Our Lady of the Flowers

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Our Lady of the Flowers
Notre Dame des Fleurs.jpg
Author Jean Genet
Original title Notre Dame des Fleurs
Translator Bernard Frechtman
Country France
Language French
Genre novel
Publisher Marc Barbezat - L'Arbalete (Original French), Grove Press (English Translation)
Publication date
1943
Published in English
1963
Media type Print
ISBN 0-571-25115-3
Followed by The Miracle of the Rose

Our Lady of the Flowers (Notre Dame des Fleurs) is the debut novel of French writer Jean Genet, first published in 1943. The free-flowing, poetic novel is a largely autobiographical account of a man's journey through the Parisian underworld. The characters are drawn after their real-life counterparts, who are mostly homosexuals living on the fringes of society.

Plot summary[edit]

The novel tells the story of Divine, a drag queen who, when the novel opens, has died of tuberculosis and been canonised as a result. The narrator tells us that the stories he is telling are mainly to amuse himself whilst he passes his sentence in prison - and the highly erotic, often explicitly sexual, stories are spun to assist his masturbation. Jean-Paul Sartre called it "the epic of masturbation".

Divine lives in an attic room overlooking Montmartre cemetery, which she shares with various lovers, the most important of whom is a pimp called Darling Daintyfoot. One day Darling brings home a young hoodlum and murderer, dubbed Our Lady of the Flowers. Our Lady is eventually arrested and tried, and executed. Death and ecstasy accompany the acts of every character, as Genet performs a transvaluation of all values, making betrayal the highest moral value, murder an act of virtue and sexual appeal.

Publication history and reception[edit]

Our Lady of the Flowers was written in prison. Genet wrote it on sheets of brown paper which prison authorities provided to prisoners - with the intention that they would make bags of it. As recounted by Jean-Paul Sartre in his foreword to "Our Lady of the Flowers", a prison guard discovered that the prisoner Genet had been making this "unauthorized" use of the paper, confiscated the manuscript and burned it. Undaunted, Genet wrote it all over again. The second version survived and Genet took it with him when leaving the prison.[1]

Largely completed in 1942, the book was first published anonymously by Robert Denoël and Paul Morihien at the end of 1943, though only about 30 copies of the first edition were bound in that year (most began to be bound and sold in August 1944, during the Liberation). The first printing was designed for sale to well-to-do collectors of erotica; it circulated by private sales lists and under the counter. But Genet never intended his work as mere pornography and later excised more graphic passages. In November 1943, he sent a copy of the first printing to Marc Barbezat, publisher of the literary journal L'Arbalete, who published the book in 1944 and again in 1948. Genet revised the novel when it was published by Gallimard in 1951; the Gallimard edition omits some of the more pornographic passages in the novel. Later L'Arbalete editions include a number of smaller revisions.

The novel is dedicated to the convicted and executed murderer Maurice Pilorge.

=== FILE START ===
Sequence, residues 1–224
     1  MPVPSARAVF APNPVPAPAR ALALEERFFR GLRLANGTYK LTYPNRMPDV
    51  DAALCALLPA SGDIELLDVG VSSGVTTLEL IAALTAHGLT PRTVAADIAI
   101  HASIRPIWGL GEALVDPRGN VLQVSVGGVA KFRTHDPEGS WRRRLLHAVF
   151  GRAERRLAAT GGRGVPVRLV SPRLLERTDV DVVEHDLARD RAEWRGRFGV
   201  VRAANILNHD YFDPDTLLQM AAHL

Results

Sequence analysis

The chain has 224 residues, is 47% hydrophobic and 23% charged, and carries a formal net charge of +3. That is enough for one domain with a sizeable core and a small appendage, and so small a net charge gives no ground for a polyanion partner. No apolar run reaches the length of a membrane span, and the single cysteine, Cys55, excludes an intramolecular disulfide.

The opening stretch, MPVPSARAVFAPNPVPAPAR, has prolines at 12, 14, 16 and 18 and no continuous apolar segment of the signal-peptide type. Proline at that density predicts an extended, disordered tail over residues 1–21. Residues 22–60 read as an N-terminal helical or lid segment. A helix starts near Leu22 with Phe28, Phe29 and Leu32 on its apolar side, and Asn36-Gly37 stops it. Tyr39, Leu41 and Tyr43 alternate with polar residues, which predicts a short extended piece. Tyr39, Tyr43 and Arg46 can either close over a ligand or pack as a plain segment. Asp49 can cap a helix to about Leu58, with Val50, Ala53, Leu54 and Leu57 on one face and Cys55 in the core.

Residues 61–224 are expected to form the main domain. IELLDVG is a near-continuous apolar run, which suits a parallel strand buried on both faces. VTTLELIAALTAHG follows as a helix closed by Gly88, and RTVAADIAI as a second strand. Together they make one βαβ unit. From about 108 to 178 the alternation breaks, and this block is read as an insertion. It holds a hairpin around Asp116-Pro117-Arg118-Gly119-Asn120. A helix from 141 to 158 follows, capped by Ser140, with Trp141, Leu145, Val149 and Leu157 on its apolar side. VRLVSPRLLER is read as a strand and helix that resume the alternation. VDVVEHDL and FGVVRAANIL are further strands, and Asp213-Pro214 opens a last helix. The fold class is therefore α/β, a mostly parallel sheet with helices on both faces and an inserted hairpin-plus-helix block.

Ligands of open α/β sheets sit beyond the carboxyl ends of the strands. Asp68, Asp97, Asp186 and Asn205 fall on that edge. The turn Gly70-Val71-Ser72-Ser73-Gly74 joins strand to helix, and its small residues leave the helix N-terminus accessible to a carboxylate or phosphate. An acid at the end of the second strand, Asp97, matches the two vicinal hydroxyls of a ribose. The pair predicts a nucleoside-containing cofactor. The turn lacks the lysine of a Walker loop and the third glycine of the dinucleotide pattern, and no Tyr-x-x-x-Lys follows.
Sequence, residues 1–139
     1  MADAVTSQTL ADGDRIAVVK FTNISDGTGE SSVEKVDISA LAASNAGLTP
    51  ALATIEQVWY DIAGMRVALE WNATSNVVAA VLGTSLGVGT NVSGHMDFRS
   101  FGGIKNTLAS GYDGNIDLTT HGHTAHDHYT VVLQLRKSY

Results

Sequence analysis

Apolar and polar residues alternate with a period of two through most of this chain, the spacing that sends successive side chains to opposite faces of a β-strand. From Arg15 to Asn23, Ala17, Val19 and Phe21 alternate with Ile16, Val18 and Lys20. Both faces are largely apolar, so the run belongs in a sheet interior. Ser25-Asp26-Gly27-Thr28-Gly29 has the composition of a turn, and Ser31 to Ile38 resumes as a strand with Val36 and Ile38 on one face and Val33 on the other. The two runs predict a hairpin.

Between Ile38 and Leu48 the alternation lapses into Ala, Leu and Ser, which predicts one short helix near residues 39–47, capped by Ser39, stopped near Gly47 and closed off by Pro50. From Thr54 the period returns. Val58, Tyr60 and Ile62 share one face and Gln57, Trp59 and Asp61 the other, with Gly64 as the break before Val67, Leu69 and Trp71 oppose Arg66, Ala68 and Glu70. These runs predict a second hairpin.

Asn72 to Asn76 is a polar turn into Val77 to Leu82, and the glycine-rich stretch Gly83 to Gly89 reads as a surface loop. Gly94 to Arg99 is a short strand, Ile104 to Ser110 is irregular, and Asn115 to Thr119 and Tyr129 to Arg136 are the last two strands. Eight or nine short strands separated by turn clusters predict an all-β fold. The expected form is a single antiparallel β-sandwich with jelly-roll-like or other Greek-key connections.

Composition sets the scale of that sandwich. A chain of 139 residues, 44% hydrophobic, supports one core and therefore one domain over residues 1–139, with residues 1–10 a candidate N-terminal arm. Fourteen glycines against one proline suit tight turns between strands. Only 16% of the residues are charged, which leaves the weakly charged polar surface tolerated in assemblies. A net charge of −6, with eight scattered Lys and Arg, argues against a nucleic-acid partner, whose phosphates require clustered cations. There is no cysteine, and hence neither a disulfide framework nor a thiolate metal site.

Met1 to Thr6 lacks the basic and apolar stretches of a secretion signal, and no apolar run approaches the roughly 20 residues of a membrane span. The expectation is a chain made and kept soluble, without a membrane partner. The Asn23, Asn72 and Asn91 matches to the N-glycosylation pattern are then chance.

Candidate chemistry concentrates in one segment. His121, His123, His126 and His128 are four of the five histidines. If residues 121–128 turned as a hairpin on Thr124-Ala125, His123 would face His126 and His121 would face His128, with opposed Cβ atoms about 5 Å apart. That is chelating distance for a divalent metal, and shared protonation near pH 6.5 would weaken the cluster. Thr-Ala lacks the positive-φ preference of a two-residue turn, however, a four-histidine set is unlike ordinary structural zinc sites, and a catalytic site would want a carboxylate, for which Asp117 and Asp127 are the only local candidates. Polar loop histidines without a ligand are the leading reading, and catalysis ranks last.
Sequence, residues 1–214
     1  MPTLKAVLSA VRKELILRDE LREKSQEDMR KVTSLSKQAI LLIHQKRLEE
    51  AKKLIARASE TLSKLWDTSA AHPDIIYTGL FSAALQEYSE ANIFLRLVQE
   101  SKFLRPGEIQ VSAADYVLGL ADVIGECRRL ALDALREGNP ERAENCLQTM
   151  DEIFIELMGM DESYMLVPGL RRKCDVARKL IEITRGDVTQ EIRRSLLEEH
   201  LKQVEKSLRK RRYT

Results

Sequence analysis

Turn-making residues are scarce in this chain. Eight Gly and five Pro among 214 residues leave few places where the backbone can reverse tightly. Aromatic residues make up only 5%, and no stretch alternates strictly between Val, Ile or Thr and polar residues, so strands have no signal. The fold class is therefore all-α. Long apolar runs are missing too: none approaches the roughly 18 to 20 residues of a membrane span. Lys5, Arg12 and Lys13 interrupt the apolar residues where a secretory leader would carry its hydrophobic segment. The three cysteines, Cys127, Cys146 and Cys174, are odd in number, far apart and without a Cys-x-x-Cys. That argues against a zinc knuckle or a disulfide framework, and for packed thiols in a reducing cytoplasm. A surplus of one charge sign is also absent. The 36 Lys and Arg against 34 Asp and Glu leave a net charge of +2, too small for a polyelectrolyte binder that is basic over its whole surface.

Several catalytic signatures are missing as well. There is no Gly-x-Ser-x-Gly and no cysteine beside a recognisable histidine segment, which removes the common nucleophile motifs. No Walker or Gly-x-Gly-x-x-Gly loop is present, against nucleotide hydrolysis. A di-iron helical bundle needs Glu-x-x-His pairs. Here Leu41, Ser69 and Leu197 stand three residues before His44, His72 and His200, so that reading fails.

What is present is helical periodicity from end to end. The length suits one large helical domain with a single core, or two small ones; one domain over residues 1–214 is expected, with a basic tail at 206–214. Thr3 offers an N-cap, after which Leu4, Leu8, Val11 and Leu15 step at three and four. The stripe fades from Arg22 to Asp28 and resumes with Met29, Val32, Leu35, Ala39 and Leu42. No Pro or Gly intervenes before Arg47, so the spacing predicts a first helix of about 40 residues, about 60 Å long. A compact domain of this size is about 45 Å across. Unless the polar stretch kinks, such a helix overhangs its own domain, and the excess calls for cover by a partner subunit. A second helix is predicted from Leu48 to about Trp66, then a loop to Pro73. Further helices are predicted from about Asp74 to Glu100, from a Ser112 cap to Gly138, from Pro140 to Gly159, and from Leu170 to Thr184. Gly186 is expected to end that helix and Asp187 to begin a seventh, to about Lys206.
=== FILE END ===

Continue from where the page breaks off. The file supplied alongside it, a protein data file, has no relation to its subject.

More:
Literary influence[edit]

The novel was an enormous influence on the Beats, with its free-flowing, highly poetic language mixed with argot/slang, and its celebration of lowlifes and explicit descriptions of homosexuality. It is elegantly transgressive, and its self-reflexive nature prefigures the approach to language developed later by the post-structuralists. Jacques Derrida wrote on Genet in his book Glas, and Hélène Cixous celebrated his work as an example of écriture feminine. Jean-Paul Sartre wrote his famous Saint Genet as an analysis of Genet's work and life but most especially of Our Lady of the Flowers. Our Lady of the Flowers made Genet, in Sartre's mind at least, a poster child of existentialism and most especially an embodiment of that philosophy's views on freedom.

Adaptations[edit]

Lindsay Kemp did a production of Flowers. A pantomime for Jean Genet (based on Our Lady of the Flowers by Jean Genet) in 1974 at the Bush Theatre, London; he subsequently toured it in the USA and Australia.

In popular culture[edit]

In Nigel Williams' Scenes from a Poisoner's Life (1994), the main protagonist gives Our Lady of the Flowers to his homosexual brother as a Christmas present.

The Pogues have a song titled "Hell's Ditch," which contains references to the novel.

Placebo's self-titled debut album features a song called "Lady Of The Flowers."

Cocorosie's song "Beautiful Boyz" is believed[by whom?] to be about it.

Sopor Aeternus & the Ensemble of Shadows' album Les Fleurs du Mal - Die Blumen des Bösen was greatly inspired by the book.[citation needed]

Pete Doherty used a quote from the book in his song, "Last Of The English Roses."

Primal Scream have a song titled "Dolls (sweet Rock 'n' Roll)" in which the name of the novel is mentioned.

References[edit]

  • Our Lady of the Flowers (Barnard Frechtman, tr.); Grove Press (1963) ISBN 08021301343
  • Michael Lucey, "Genet's Notre-Dame-des-Fleurs: Fantasy and Sexual Identity", Yale French Studies, No. 91, Genet: In the Language of the Enemy (1997)
  • Mathieu Lindon, "Genet regenere," Liberation (Paris), 30 September 1993
  1. ^ Sartre Forward to the 1951 Gallimard edition, here quoted from the 1964 Bantam English translation.

See also[edit]